How many MaxClients to set is a function of the busyness of the server, and particularly size of the resident portion of Apache and other programs. With 16GB of ram, even with say half of it allocated to Mysql (the InnoDB buffer pool - InnoDB controls member better than MyIsam, even at the cost of some more ram), a couple of hundred Apache processes is usually entirely enough (I was serving 10 million PHP hits per server per day and it averaged ~40 processes being used at a time).

Having the static images, css, JS etc served by NginX, sitting in front of (or on a seperate URL) the Apache server will also reduce the work that the heavier PHP-capable server is required to do - often very substantially. http://blogs.law.harvard.edu/djcp/2010/01/nginx-as-a-front-end-proxy-cache-for-wordpress/ has some thoughts on that, and there are other blogs and such that will walk you through installing Nginx in front of Apache, with or without Wordpress being involved.

Finally, KeepAlives will mainly just kill a busy site. Turning them off is recommended now, to avoid just the sort of resource starvation you are seeing regularly. If, for example, you have set 100 MaxClients, and a KeepAlive of 30 seconds, than just 100 visitors within a 30 sec period would hold open all the Apache slots, and you can't serve anything else. KeepAlive Off.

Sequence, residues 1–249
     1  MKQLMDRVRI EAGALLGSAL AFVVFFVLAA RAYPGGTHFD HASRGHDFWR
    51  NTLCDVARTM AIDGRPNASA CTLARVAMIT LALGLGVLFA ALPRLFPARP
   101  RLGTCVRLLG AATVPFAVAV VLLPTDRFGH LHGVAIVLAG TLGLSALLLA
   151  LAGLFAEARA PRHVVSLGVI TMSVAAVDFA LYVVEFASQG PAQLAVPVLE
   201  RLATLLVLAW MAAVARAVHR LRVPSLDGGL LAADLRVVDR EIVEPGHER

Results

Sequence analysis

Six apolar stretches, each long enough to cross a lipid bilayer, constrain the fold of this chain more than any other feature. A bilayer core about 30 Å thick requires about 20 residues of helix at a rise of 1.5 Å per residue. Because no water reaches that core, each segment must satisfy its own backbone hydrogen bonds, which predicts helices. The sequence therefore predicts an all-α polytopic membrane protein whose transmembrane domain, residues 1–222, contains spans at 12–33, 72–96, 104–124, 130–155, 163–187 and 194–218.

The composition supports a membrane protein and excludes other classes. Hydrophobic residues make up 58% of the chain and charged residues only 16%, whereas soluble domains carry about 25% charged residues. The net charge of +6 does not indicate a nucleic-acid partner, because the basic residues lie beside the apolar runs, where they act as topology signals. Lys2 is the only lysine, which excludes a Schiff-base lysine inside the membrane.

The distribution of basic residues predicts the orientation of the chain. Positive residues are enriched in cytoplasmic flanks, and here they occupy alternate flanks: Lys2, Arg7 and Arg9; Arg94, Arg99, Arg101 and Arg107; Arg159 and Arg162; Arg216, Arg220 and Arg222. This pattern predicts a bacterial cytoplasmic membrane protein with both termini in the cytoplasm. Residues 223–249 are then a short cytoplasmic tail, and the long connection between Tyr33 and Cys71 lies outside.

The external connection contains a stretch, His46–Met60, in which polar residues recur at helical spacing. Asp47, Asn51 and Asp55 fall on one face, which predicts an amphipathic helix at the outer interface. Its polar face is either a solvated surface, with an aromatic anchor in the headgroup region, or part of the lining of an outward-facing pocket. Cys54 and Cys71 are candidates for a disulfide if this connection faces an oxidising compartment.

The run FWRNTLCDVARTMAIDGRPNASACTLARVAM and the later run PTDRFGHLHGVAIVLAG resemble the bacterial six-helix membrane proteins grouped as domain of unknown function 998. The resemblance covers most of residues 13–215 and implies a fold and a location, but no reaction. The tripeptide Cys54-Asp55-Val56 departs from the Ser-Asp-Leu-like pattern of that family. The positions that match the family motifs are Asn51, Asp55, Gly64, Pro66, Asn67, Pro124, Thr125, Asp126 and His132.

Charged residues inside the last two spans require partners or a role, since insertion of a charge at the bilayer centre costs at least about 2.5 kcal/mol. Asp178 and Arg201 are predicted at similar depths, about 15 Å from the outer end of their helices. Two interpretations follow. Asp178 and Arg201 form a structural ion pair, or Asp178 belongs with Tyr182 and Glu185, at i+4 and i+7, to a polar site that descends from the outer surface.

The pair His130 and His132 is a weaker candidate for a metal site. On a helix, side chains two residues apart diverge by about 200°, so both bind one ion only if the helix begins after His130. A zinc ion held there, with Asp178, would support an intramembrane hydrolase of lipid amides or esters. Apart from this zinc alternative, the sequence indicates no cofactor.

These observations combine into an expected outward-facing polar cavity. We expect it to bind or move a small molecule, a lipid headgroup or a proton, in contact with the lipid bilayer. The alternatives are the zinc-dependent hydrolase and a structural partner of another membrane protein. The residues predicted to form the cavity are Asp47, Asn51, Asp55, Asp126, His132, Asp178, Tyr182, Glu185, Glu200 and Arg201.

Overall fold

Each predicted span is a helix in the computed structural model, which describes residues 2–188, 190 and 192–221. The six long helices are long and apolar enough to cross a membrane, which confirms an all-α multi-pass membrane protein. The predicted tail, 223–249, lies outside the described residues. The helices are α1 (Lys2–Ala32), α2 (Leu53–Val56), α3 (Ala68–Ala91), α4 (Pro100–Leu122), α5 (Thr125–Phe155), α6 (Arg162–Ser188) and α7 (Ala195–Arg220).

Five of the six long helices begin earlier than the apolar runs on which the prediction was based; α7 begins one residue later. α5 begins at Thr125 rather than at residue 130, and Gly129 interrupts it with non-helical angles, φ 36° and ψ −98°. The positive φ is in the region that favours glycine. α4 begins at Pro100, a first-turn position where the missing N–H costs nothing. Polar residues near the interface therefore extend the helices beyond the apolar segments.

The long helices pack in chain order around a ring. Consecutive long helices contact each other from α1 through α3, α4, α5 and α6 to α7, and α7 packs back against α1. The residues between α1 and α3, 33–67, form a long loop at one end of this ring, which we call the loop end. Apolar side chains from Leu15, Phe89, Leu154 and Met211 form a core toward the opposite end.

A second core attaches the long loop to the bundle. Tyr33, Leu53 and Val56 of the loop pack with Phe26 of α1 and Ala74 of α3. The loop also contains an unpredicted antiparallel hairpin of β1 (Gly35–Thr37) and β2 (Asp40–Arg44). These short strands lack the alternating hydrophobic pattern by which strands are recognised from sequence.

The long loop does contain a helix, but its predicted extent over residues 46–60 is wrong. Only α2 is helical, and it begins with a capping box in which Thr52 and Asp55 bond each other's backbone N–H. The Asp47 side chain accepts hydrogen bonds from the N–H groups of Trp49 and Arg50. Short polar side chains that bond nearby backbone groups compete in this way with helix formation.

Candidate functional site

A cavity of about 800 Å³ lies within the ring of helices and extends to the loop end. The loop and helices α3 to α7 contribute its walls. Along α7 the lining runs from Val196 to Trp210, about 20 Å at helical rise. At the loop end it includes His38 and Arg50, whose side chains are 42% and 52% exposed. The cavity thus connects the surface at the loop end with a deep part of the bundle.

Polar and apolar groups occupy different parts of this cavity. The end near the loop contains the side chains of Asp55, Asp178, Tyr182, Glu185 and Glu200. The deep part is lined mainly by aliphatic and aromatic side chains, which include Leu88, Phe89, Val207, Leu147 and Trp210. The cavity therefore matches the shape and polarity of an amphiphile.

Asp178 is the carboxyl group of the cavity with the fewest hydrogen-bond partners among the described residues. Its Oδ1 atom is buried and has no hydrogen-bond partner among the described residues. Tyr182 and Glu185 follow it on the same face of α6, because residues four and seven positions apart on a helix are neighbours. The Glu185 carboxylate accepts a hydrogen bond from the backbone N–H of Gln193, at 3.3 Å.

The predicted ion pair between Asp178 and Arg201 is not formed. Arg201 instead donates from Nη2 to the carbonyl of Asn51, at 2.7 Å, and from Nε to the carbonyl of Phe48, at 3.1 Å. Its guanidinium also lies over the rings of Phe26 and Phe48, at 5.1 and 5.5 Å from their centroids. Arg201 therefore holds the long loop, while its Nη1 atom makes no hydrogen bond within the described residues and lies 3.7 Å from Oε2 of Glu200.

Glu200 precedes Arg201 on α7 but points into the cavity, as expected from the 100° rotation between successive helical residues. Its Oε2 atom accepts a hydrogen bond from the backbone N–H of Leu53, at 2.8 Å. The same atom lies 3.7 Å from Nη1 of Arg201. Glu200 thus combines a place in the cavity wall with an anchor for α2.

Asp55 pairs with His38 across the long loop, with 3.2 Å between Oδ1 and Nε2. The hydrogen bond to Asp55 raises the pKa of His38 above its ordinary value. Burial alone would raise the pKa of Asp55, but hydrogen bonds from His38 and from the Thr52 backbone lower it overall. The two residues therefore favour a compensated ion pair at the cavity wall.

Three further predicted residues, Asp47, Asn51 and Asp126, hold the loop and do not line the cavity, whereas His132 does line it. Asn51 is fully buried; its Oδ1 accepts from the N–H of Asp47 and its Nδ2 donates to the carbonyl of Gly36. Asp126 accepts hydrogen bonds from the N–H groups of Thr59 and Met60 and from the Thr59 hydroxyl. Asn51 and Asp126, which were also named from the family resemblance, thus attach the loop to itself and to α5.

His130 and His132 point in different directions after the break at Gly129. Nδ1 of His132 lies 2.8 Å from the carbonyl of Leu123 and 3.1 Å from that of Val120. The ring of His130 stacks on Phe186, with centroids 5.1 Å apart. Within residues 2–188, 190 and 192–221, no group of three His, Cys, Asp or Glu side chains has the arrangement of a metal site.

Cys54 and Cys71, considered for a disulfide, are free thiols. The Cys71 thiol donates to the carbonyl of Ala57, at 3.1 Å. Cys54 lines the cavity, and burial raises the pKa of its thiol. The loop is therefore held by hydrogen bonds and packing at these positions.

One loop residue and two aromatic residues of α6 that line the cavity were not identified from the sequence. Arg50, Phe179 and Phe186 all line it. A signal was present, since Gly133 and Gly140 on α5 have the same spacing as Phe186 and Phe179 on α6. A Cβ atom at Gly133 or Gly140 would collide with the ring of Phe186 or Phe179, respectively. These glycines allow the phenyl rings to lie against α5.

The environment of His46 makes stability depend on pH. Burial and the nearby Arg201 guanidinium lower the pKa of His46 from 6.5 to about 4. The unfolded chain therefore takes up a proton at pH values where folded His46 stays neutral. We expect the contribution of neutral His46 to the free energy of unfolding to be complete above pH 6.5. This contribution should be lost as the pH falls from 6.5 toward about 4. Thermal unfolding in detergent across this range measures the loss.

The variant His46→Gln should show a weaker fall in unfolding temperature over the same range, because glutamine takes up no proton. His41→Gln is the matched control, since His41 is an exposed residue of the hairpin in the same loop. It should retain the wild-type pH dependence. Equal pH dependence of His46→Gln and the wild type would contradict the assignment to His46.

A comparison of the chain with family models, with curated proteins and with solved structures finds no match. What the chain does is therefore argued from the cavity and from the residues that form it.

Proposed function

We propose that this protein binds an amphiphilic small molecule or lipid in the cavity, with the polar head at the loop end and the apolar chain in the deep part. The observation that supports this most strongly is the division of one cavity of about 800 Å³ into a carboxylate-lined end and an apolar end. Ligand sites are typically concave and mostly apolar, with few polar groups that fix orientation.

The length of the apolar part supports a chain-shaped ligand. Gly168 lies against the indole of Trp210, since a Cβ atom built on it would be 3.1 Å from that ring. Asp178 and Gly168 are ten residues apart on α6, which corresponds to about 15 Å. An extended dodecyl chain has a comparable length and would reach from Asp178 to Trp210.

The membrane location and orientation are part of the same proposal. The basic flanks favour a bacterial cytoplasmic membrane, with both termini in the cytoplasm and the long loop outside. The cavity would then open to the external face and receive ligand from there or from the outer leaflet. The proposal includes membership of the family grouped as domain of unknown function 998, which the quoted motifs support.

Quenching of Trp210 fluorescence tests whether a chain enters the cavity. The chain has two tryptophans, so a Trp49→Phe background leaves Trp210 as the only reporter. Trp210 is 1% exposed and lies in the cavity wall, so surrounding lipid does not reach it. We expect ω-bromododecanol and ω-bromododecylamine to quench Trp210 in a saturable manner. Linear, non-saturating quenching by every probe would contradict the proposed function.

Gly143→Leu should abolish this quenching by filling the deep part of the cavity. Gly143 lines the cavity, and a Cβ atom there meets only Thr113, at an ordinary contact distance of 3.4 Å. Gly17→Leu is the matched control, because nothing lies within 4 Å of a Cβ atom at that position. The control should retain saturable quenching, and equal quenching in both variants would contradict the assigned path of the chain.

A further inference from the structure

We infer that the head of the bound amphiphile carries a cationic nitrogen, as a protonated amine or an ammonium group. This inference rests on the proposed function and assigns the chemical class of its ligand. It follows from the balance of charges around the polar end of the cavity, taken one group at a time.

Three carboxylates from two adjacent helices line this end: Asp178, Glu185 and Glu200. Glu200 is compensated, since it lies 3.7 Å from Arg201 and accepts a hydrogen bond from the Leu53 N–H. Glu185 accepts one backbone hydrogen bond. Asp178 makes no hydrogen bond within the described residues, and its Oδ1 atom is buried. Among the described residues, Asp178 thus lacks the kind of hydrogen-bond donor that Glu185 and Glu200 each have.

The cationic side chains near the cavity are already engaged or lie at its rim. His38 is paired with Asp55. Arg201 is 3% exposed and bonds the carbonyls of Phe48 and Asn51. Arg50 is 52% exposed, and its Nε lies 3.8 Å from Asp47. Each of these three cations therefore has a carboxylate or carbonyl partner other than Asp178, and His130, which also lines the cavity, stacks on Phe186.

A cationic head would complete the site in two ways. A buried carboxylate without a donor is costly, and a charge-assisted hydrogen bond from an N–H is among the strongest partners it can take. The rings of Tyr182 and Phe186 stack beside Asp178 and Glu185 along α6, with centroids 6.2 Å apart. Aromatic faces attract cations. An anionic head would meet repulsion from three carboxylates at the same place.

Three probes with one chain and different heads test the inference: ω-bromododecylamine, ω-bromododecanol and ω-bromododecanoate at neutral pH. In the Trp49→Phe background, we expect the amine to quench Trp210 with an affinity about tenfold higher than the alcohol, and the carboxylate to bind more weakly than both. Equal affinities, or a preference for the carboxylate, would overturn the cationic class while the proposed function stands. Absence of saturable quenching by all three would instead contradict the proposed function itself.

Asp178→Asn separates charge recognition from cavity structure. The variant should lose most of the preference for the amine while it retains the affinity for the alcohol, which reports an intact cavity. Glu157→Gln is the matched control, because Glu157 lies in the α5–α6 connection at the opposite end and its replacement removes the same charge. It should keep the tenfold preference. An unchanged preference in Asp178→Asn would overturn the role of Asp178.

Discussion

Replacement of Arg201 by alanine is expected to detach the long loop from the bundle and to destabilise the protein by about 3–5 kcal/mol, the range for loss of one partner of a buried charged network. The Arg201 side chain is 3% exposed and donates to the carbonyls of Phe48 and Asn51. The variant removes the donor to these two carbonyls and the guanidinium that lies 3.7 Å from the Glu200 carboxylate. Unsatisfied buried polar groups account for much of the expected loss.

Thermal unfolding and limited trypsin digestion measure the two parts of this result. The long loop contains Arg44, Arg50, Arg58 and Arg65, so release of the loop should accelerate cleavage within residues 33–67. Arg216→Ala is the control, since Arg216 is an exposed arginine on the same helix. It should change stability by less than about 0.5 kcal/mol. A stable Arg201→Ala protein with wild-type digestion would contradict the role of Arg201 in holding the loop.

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Thanks for the detailed reply! I'm already using Amazon s3 for most static files and am investigating but afraid of NginX, it will probably be my next big project. Keepalive is 2s which probably isn't the problem. –  jeremyclarke Feb 28 '11 at 19:59

I think you can allow as much memory as you want to APC. The memory used by APC to cache opcode will not be used by filesystem to cache files read.

To reduce CPU load you can configure expire on the assets (css, js, images). Install mod_expire on apache and use .htaccess to define expire header as you need. If you don't do this. The browsers check if files have changed even it has them in cache. This generate a lot of hits and drain CPU cycles.